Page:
Rhode Island Department of Transportation (RIDOT) Director Peter Alviti, Jr., U.S. Senator Jack Reed, Congressman David Cicilline and other state and local leaders gathered at Barrington Town Hall in Barrington today for a ribbon-cutting ceremony to celebrate the completion of a project that makes it safer for children and their families to walk and ride their bikes to school.
The $1.9 million project included new sidewalks, new granite curbing and curb ramps, detectable warning systems and flashing school zone speed limit signs, bike racks, and new stormwater systems along 1.2 miles of road near Barrington Middle School and nearby Primrose Hill Elementary School. At Barrington Middle, new sidewalk extends all the way down Middle Highway to where the street meets the East Bay Bike Path.
The improvements are part of a collection of projects RIDOT is working on under the Safe Routes to School program, which already has funded similar school-focused safety improvements across Rhode Island. Most recently RIDOT completed Safe Routes to School projects for schools in Cranston, East Providence and at another school in Barrington. Two other projects are active for schools in Narragansett, Smithfield and Woonsocket and another is scheduled to begin next year in Warren. In the past three years RIDOT has invested $12.2 million in the Safe Routes to School program.
"This project reminds us all what RIDOT is all about – making travel safe for all Rhode Islanders. That is especially true for our youngest and sometimes smallest travelers," RIDOT Director Peter Alviti said. "Again, we owe our Congressional delegation a huge thank you for supporting this national program which is fully federally funded."
"We want to give kids more opportunities to walk and bike safely to school. It's good for their health and it helps bring neighborhoods together. That's why I supported setting aside federal funding for Safe Routes to School projects like this. I want to commend RIDOT and Barrington for their work here and I hope we'll be doing more projects like this throughout the state," said Senator Reed, the Ranking Member of the Appropriations Subcommittee on Transportation, Housing and Urban Development (THUD).
"RIDOT's Safe Routes for School program is making it easier for kids across Rhode Island to walk or bike to school," said U.S. Senator Sheldon Whitehouse, a member of the Senate Environment and Public Works Committee who helped write the FAST Act, which provided funding for the Transportation Alternatives Program. "I worked hard to ensure the federal highway bill boosted funding for road repairs as well as bicycle and pedestrian projects like this one."
"The improvements made possible by the Safe Routes to School program have helped ensure the safety of families that is at the heart of strong and vibrant communities," said Congressman Jim Langevin. "Whether walking or riding, these infrastructure improvements will protect the well-being of students. These investments in roads, sidewalks, and other infrastructure are direct investments in the future of our state, and I'll continue to work diligently with my colleagues to deliver federal resources to complete even more projects."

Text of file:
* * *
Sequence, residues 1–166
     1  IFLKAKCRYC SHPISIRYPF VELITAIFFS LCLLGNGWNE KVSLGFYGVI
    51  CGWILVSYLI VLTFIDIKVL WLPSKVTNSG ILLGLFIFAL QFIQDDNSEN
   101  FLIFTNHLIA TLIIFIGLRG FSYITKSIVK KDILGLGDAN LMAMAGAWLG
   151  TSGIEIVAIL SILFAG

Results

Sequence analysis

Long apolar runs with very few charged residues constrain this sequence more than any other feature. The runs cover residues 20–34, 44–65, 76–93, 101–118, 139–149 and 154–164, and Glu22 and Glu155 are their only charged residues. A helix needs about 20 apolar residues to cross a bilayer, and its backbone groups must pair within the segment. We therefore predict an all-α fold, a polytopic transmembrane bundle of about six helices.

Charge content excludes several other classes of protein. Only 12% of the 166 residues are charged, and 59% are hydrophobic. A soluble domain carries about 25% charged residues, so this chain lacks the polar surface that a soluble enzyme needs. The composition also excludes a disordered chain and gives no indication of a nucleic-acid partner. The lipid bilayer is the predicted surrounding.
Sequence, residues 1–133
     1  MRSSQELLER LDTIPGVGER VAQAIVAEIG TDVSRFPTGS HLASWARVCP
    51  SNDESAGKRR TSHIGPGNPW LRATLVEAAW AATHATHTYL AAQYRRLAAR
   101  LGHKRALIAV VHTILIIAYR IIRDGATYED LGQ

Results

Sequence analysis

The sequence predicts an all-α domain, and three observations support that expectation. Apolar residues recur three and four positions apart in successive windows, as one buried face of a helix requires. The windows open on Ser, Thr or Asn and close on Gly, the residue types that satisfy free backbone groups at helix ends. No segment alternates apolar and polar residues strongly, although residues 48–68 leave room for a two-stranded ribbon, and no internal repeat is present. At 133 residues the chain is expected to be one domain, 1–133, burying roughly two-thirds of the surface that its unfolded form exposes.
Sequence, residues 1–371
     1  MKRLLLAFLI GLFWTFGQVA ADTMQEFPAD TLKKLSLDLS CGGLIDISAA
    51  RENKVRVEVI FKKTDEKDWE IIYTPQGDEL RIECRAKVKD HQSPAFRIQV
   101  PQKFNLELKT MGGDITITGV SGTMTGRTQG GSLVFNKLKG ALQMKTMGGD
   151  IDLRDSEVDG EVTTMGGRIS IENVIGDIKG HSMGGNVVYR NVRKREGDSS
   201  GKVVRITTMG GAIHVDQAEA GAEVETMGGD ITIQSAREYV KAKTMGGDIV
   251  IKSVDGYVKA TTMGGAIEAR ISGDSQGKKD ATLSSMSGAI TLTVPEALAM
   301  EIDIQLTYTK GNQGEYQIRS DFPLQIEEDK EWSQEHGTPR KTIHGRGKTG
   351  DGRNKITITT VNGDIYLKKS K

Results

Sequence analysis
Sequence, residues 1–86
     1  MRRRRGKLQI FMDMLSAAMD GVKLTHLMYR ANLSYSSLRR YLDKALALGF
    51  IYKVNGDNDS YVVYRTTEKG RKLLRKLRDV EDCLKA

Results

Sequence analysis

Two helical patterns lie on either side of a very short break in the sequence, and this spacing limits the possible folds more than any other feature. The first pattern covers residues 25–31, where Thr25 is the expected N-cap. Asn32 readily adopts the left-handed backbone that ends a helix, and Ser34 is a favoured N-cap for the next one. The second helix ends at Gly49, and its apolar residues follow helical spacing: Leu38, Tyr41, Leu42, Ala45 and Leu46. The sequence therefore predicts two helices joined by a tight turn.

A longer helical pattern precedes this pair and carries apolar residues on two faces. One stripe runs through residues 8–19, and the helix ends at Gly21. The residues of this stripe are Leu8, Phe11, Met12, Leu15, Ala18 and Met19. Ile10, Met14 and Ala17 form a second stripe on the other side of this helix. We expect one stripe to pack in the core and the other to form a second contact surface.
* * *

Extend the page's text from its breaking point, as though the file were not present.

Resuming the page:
"Federal investments through Safe Routes to School projects improve the safety and health of families and children throughout Rhode Island. The Safe Routes project along Barrington's Middle Highway is a great example of how these sound investments make walking and bicycling to school appealing and more accessible," said Congressman Cicilline. "It improves safety, reduces traffic and pollution, and encourages healthy and active lifestyles. That's why, earlier this year, when the House passed The Moving Forward Act – our plan to rebuild American infrastructure – we strengthened the Safe Routes to School Program so more children and families in Rhode Island can safely walk and ride their bikes to and from school."
"There is nothing more important to a community than the safety of our children and like many communities across Rhode Island, Barrington has many children walking to and from schools," said Barrington Town Manager Jim Cunha. "The citizens of Barrington owe a debt of gratitude to the Rhode Island Department of Transportation and our State's Federal Congressional Delegation for protecting our students and Barrington's future generations."
"One of our community's greatest distinguishing characteristic is safety. I cannot think of a better testament to that hallmark than the large number of students who walk or ride their bikes to school each day. On any given fall or spring day, we would have nearly 400 bikes scattered throughout our campus," said Barrington Middle School Principal Andrew Anderson. "I want to extend thanks for everyone's efforts to give our students a much safer way to access our school, as well as places to store their bikes."
The Safe Routes to School Barrington Project was made possible by RhodeWorks, RIDOT's ongoing commitment to repair structurally deficient bridges and bring Rhode Island's transportation infrastructure into a state of good repair, promote economic development, and create jobs. Learn more at www.ridot.net/RhodeWorks.